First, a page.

A little under eight minutes into the first period in what would be the Philadelphia Flyers’ first win, assistant captain Kimmo Timonen was called for a holding penalty that led to a two-minute powerplay for the Florida Panthers. The same happened twice in their opening loss to Toronto – one being interference and the other in the form of high-sticking – and once in Montreal on a holding call. Two of those instances led to goals by the opposing team.
At 38-years old, it’s not fair to think Timonen can produce like he once did earlier in his career; however, his regression is starting to impede the Flyers’ defensively.
Violations like holding and hooking are the laziest form of a penalty. Usually when a player is cited for one of those calls, it’s because he was beat by the oncoming player. This is exactly what’s happening with Timonen now. Currently, his eight minutes of penalties are the highest total for a Flyer who hasn’t drawn a fighting major (Jay Rosehill has 16 PIM, Wayne Simmonds has 11 PIM).
It may only occur once or twice in a game, but in a league where one or two goals can be the difference, having a top-line defenseman who has trouble keeping up with the attacker is dangerous. If Timonen gets beat, he has to resort to grabbing his man and taking the penalty – or if worse comes to worst, allow a breakaway opportunity because he can’t catch his man.
Known as an offensive-minded blue liner, Timonen never was a liability on defense until last season. During the lockout-shortened schedule, the defenseman registered the highest penalties per 60 minutes (1.2) in his Philadelphia career. That problem has carried over into the start of the new season and doesn’t appear to be improving.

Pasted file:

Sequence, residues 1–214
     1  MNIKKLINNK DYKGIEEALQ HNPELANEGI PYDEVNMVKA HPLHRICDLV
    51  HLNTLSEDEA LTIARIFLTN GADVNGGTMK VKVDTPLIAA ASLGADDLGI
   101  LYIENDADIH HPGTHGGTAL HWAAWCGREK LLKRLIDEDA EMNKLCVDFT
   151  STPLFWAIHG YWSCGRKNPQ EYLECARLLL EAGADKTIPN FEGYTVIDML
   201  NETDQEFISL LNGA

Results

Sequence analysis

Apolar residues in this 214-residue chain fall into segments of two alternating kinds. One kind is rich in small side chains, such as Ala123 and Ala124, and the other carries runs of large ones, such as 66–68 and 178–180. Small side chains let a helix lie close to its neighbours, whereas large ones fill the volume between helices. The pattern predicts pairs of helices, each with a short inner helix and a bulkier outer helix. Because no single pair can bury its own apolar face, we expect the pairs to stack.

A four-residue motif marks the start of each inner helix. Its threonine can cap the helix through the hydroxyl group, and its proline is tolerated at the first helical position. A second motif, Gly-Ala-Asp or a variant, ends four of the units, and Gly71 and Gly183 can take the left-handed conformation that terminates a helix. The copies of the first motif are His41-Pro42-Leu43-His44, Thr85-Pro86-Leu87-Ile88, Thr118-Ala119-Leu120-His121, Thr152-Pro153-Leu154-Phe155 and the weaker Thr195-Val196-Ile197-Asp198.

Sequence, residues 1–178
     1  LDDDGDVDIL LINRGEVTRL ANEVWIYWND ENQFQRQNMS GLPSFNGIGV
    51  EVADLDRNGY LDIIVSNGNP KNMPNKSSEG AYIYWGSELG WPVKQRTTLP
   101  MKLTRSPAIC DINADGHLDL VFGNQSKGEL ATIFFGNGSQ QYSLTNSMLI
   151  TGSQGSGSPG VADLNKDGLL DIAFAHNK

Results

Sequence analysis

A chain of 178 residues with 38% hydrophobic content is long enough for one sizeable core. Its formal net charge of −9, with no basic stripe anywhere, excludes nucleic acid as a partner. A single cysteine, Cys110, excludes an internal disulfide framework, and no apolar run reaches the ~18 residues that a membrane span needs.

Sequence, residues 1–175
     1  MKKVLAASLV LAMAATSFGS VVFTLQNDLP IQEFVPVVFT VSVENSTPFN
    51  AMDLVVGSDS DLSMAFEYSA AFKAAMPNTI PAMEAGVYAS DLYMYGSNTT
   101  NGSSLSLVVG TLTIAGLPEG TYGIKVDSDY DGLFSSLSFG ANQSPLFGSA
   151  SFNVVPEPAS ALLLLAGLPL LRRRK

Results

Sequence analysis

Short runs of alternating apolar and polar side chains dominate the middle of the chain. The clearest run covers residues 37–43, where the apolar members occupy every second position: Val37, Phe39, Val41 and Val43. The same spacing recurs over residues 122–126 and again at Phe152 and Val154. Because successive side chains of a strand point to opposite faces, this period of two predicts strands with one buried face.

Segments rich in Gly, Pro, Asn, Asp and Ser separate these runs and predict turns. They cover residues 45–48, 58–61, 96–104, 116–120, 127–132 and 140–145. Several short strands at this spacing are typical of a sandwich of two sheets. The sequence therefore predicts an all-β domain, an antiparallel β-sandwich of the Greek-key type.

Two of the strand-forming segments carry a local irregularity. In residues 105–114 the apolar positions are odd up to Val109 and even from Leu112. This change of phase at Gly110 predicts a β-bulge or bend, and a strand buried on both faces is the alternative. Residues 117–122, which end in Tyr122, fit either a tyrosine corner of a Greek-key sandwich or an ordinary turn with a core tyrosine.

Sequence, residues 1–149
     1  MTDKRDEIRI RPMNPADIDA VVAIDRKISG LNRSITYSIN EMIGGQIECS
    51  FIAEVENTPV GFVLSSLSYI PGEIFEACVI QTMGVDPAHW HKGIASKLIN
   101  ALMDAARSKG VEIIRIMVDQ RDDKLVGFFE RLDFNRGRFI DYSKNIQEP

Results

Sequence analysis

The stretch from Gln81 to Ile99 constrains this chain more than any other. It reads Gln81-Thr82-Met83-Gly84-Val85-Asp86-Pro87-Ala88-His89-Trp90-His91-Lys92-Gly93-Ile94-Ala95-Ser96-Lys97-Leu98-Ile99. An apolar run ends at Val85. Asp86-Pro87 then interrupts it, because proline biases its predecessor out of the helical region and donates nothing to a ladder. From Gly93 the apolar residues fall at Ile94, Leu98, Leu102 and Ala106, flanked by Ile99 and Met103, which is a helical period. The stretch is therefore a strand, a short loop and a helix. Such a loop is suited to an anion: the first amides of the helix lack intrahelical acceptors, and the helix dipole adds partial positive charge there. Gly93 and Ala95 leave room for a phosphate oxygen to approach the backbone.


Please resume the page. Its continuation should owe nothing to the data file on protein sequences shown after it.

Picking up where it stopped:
While his defense is becoming more and more of a concern, his offense is slowly beginning to decrease. Gone are the days of 40-50 points for the 14-year veteran. Four games into the 2013-14 season, Timonen has failed to record a point. He’s not the only top line guy on the team sporting a goose egg in that column, but his ability to be a cornerstone on offense from the backend goes a long way in their offensive production. For a team who has only scored five goals, they need to start seeing more scoring opportunities created by their defensemen.
Aging is something that can’t be stopped. There’s no fighting Father Time (unless you’re Chris Chelios). Yet, one thing that will only make things worse for a player in his fight with time is injuries. Last season, Timonen missed the remainder of the year with a fractured right foot. Once considered an iron man, he’s beginning to show signs of vulnerability.
His $6 million price tag is not being matched by his production and it’s starting to become very likely that this may be his last season. If he wasn’t relied upon to be one of the team’s top blue liners, his regression wouldn’t be put under a microscope. But because he’s on their first pairing, plays an integral part on special teams and is making a hefty amount of money, the fact that he’s lost a few steps is worrisome.
As is the case with every player who has gotten off to a slow start, there are still more than 70 games remaining on the schedule to turn things around. Unfortunately for Timonen, though, it won’t be as easy to recover due to the aging process becoming more prevalent.
A journalism student at Rowan University, Kyle is a Big Ten Reporter for Scout.com (owned by Fox Sports) and spent the 2013 season interning with the Philadelphia Flyers.